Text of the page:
By Sharon Baker-Johnson
The divorce experience has many references, but most say it’s like a funeral; emotionally, you can experience depression, loneliness, isolation, low self-esteem, or many other psychological distresses associated with loss. However, the word divorce in and of itself is defined in the dictionary as “the action or instance of legally dissolving a marriage.” The actions of going through it and its aftermath are entirely up to the individual. You have the power to control how you go through it and decide when to move on. However, unlike a funeral, your “corpse” (the other individual) is still roaming the earth. If you still have some form of physical, financial, emotional ties or children involved, you’re required to interact with them on some level.
So, how does one handle something so complex? Just because you’re divorced doesn’t necessarily mean you’ve stopped loving, caring, or want to dissolve the friendship with your ex. In some cases, it could be the complete opposite of these feelings. We all experience the trials and tribulations of life differently, but the common denominator we all have is a right to God’s grace and mercy. Seeking His guidance and direction throughout the entire journey can alter your outcome.
Deuteronomy 31:6 (NKJV) says to “be strong and of good courage, do not fear nor be afraid of them; for the Lord your God, He is the One who goes with you. He will not leave you nor forsake you.”
The last stage of grief in dealing with any loss is acceptance. Knowing or making a firm decision to move on from a divorce is accepting your new beginning. Although things may feel, look, or even sound familiar at times; however, they are not because the change begins in your mindset and not your surroundings or even the circumstance. You may find yourself in a posture of discomfort, anger, pain, disappointment, and many other things, but learn to submit yourself unto the Lord, casting your cares upon Him, and He will direct your path; read 1 Peter 5: 5-11.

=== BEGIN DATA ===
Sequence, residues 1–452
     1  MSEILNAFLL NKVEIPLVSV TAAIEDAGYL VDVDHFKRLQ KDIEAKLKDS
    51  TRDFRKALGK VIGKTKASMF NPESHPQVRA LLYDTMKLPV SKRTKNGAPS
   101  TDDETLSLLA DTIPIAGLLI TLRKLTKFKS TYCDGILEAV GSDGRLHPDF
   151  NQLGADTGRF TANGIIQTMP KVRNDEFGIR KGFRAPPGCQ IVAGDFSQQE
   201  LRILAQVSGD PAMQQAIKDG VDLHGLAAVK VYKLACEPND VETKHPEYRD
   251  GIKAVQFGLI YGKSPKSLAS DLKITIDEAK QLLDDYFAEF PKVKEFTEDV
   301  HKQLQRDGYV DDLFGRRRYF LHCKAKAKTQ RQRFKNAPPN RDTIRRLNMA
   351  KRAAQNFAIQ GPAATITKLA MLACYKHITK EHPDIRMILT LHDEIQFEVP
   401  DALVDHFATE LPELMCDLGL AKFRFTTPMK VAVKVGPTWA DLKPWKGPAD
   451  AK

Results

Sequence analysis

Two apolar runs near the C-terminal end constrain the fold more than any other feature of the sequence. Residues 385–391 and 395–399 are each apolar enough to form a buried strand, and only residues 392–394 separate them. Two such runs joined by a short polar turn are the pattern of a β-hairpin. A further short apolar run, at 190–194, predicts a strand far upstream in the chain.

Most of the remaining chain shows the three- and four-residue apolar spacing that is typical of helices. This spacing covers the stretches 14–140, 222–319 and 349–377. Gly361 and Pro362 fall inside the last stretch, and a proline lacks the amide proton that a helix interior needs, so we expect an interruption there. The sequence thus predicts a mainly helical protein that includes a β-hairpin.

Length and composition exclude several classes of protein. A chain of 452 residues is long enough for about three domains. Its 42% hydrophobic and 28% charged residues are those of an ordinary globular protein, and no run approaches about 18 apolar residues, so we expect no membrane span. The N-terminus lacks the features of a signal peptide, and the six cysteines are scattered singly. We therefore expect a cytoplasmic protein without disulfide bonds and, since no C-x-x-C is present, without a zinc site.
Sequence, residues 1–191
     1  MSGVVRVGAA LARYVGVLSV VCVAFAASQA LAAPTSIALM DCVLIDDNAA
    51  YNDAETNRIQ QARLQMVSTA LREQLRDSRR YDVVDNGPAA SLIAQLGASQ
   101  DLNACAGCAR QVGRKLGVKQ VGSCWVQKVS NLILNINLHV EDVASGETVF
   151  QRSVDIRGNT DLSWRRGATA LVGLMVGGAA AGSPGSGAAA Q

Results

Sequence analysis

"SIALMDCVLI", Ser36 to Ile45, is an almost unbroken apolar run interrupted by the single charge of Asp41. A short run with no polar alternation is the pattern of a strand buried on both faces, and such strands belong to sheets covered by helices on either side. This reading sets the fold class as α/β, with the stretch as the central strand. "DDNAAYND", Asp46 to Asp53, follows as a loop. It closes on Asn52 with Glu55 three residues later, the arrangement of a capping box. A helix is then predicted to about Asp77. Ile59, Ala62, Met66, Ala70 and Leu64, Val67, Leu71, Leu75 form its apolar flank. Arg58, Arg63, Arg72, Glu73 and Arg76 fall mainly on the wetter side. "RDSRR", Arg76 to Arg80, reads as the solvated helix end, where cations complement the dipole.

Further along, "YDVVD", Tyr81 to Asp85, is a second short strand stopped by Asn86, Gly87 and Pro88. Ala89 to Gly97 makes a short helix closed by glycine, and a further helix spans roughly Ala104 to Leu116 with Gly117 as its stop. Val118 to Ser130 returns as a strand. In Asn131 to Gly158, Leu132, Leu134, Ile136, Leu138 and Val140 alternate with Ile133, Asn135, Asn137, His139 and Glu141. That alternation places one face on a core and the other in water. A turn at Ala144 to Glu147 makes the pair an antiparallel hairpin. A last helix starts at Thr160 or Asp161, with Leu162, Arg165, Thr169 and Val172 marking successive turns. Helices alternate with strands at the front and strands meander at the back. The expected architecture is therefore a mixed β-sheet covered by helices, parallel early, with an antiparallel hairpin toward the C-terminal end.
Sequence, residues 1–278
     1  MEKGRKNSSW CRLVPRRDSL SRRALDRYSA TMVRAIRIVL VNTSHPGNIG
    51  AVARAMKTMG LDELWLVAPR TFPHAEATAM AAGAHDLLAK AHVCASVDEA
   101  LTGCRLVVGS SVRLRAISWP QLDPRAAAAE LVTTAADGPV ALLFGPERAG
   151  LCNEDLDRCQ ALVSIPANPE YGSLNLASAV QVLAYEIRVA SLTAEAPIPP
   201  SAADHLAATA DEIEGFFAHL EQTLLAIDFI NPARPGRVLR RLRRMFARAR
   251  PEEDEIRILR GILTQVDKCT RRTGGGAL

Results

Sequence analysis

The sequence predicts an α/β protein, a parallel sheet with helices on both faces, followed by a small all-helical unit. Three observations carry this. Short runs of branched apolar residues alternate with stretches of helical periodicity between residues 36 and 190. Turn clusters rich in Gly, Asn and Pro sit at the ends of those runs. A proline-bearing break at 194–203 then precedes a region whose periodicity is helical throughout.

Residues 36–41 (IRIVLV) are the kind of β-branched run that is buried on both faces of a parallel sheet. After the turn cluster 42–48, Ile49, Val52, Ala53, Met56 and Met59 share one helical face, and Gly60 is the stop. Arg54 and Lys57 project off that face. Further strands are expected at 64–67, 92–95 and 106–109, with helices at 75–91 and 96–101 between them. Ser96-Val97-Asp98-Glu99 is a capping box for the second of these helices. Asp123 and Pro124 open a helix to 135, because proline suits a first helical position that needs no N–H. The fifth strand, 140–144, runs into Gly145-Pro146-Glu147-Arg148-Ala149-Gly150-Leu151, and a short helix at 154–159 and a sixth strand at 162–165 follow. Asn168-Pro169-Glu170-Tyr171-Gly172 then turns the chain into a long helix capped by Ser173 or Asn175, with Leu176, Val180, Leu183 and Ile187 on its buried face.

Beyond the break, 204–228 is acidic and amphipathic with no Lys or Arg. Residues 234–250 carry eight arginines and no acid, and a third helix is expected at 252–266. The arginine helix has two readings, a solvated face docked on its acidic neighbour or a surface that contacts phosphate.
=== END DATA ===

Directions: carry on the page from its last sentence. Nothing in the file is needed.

You don’t have to allow your situation to define who you are. How you go through your divorce experience is always bigger than you. All eyes are on you during this stressful time, and believe me, the people you least expect or haven’t considered are watching and taking mental notes of your response, action, or reaction. Your test is not only your testimony of how you made it over but also the truth in knowing that God is able and His word can carry you through any storm and that there’s nothing too hard for God.
By taking the time to reflect on your shortcomings, you have started the healing process. You’re gaining a new perspective of yourself; therefore, self-improvement has begun. You can now file things in your “what not to do” or “it could have been done better” folders. It’s easy to point the finger or blame at others but flipping the mirror back on yourself is unexpected because it requires transparency. This is so important because if you cannot be honest with yourself, this same behavior will transfer over into your next relationship. So, you will find yourself carrying all this unpacked luggage from one relationship to another in this never-ending cycle (like the children of Israel in the wilderness) because you fail to evaluate your accounts accurately during the relationship. If you desire a different response, you must first develop a different mindset. First, thank God, you made it through, know your worth, and learn to love yourself. You cannot depend on others for your self-worth, to make you feel loved, or even write the ending of your story; because it’s not over. God is the author of life. In Matthew 7:7-8, he encourages you to seek, knock, and ask. He will close doors that will cause harm and open those that will bless you.
It’s so vital for you to learn to love yourself. Too often, in relationships, you forget who you are, resulting in identity loss. When you genuinely love yourself, you will do things for yourself without the approval or validation of anyone else. You will find yourself in a place of peace, God’s peace that reassures the heart and goes above and beyond the mind’s understanding (Philippians 4:7). This mindset is more than evident after a divorce when you cannot function without your ex being a part of your everyday life. When God created you in your mother’s womb, you were made whole; relationships cannot make you complete. Only God can! The same God that created you, knows every hair on your head, and surrendered His only begotten Son for your salvation, is the same God that will sustain you in your time of need.
So, as you begin to walk through your new beginning, take the time to reflect. Remember the Lord’s restoration of grace; during your trial, He has removed the old things and replaced specific capabilities within you. He has undoubtedly prepared you for the next chapter of your life because He’s that kind of God. So, be encouraged and know that when you’re experiencing divorce, there’s nothing He can’t handle, and take your rest in Him.